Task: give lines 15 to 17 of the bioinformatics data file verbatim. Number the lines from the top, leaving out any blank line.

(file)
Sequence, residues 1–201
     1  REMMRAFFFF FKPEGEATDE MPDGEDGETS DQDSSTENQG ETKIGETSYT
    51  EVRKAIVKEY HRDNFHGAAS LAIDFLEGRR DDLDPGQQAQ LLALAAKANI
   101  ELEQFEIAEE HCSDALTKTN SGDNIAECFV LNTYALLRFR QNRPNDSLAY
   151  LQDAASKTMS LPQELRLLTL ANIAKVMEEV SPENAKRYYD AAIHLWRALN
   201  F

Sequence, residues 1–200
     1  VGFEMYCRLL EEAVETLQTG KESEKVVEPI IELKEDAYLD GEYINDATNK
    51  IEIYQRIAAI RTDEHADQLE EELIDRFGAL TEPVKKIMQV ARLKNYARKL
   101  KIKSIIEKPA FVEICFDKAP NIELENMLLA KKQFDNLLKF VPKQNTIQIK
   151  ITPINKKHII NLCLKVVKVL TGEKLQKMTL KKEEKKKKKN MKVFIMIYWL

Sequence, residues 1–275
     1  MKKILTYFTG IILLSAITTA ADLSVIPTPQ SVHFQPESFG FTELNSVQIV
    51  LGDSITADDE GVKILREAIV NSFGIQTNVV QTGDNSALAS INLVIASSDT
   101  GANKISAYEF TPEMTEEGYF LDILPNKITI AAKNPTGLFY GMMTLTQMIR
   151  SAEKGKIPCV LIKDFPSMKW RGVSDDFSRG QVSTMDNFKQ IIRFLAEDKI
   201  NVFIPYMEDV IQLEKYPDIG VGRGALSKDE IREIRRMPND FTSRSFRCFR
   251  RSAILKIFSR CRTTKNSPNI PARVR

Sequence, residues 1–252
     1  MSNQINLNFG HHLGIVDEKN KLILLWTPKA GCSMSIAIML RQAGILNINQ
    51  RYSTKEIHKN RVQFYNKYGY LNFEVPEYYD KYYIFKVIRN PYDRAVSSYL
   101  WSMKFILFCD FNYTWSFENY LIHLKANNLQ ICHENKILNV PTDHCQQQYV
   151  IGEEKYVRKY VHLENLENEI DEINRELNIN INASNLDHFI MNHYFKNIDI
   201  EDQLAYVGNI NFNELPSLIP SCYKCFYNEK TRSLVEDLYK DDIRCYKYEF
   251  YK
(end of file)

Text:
   101  GANKISAYEF TPEMTEEGYF LDILPNKITI AAKNPTGLFY GMMTLTQMIR
   151  SAEKGKIPCV LIKDFPSMKW RGVSDDFSRG QVSTMDNFKQ IIRFLAEDKI
   201  NVFIPYMEDV IQLEKYPDIG VGRGALSKDE IREIRRMPND FTSRSFRCFR